I think I"ll stop by the store this evening and see what I can find. I would like the glowsticks to work, but it sounds like the walkway lighting or even a cheap led flashlight near the target may be the way to go.

taliv
November 15, 2012, 06:09 PM
backlighting the target with cyalume didn't work for me. front lighting did, but mostly i emplaced the cyalume a known distance from the target and then held off of it. so i couldn't actually see the target in the dark, but was holding under x mils to get hits.

hq
November 15, 2012, 06:12 PM
It's getting harder and harder to hunt after work. One hour or so isn't really enough to drive out of town and get everything set up before you run out of daylight.

Walkalong
November 15, 2012, 06:23 PM
Yep, now by the time I can get to the range after work there is very little time to shoot, meaning I don't go after work as much, and don't shoot as much when I do. Bummer, but it doesn't last.

Our range is sunup to sunset.

cfullgraf
November 15, 2012, 06:37 PM
In the winter, I feed the horses before supper, in the summer it is after supper. It is a pain to feed them in the dark.

They do not like shooting and go to the far end of the farm. But they know when they hear me coming in on the Ranger, it is usually time for dinner and they come up.

Fortunately, I am retired and I just adjust my shooting time in the winter.

MarshallDodge
November 15, 2012, 06:42 PM
rcmodel- Good idea. They had the solar LED lights at the local dollar store for a dollar each last year. I bought a couple and they are still working.

They also had the LED flashlights for a dollar. They hold 3 AAA batteries and last a really long time. Tape them to a stake and point them up at the target.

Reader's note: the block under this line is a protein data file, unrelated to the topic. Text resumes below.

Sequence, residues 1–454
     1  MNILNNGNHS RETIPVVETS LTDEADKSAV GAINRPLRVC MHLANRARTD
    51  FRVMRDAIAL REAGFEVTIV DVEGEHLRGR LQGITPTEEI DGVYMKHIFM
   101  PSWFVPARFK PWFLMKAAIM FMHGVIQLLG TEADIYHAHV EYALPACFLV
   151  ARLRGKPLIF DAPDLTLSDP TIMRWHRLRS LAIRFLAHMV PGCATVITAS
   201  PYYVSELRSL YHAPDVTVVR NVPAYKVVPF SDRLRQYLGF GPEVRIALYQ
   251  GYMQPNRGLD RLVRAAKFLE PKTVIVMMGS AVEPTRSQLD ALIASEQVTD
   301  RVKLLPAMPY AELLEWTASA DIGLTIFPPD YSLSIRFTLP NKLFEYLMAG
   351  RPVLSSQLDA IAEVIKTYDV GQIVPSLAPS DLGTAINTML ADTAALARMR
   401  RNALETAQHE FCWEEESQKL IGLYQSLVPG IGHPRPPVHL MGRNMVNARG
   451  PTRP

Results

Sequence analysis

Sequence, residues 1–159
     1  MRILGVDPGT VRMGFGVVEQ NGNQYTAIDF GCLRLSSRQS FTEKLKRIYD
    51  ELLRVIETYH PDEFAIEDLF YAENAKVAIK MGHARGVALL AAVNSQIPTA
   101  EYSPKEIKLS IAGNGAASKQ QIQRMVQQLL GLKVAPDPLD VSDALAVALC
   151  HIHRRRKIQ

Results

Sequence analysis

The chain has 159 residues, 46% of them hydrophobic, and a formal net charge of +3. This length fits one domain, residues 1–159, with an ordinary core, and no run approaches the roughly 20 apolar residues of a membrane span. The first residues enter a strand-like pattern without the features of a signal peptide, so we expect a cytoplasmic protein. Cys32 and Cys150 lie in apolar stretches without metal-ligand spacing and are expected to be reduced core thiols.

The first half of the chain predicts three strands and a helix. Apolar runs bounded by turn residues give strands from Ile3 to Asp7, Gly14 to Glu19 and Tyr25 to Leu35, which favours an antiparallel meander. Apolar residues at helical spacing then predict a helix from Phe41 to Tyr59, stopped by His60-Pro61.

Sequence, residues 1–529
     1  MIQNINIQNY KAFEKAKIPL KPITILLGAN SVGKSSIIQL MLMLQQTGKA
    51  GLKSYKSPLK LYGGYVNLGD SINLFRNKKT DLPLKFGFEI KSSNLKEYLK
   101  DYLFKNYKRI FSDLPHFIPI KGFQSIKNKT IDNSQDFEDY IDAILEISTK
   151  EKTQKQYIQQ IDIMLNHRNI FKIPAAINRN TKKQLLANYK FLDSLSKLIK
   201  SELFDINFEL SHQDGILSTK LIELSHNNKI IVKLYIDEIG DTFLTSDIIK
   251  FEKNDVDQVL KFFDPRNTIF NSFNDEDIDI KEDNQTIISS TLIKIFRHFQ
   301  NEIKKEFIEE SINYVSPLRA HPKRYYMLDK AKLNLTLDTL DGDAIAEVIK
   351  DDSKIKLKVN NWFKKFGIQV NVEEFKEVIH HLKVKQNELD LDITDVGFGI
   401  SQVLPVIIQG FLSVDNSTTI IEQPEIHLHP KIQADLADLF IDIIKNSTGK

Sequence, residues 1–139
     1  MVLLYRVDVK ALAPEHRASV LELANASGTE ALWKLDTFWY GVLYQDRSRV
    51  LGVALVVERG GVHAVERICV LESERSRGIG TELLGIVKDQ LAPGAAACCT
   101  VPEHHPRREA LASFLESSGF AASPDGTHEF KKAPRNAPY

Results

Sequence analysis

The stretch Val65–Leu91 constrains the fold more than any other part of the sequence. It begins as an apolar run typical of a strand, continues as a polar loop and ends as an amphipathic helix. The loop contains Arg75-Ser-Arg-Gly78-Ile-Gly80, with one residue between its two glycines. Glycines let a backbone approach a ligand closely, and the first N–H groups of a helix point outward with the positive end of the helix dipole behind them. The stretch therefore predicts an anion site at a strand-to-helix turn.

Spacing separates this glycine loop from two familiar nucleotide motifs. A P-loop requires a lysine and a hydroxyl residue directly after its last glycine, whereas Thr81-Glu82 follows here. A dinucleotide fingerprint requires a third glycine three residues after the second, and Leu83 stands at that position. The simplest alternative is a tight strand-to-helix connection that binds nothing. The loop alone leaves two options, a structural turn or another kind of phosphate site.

jmr40
November 15, 2012, 06:49 PM
Gets daylight earlier, I'm at the range when it opens in the AM when I shoot so it is helping, at least for a while. In another month it won't matter.

MtnCreek
November 16, 2012, 09:30 AM
Cheap (small) glowsticks from Lowes didn't work. I will try setting them at known distance and use a hold; should be interesting. I picked up a solar landscape light. It's a focused beam type that puts out 15L; I think that will do the trick once it's charged. Now all I have to do is find a place for it to charge where the stock won’t stomp it and the dogs won’t eat it (10 month old dobby is trying my nerves…).

Anyone know where I could find some glow-in-dark tape or paint? I found plenty of reflective stuff, but nothing that glows. I’m still thinking this may work for larger targets. If nothing else, I could outline the target with it.

Thanks.

jrdolall
November 16, 2012, 10:14 AM
I use the Ryobi 18volt flashlights set up about 10 yards away and angled at the targets. A fully charged battery last about 1 1/2 hours which is more than enough. I already have all the tools and several batteries so I bought two extra lights on Ebay for $14 or so.

303tom
November 16, 2012, 10:42 AM
Nope...........Time did not change, just the clock did !

MtnCreek
November 16, 2012, 10:56 AM
Yep, Time I left the office and time I got home to shoot both changed by one hour, despite what the clock said. You make about as much since as a philosophy professor. :D

jrdolall
November 16, 2012, 11:01 AM
Kind of like asking "What is the longest day of the year?".
June 21st? Nope! They are all 24 hours long.

SlowFuse
November 16, 2012, 11:28 AM
Anyone know where I could find some glow-in-dark tape or paint?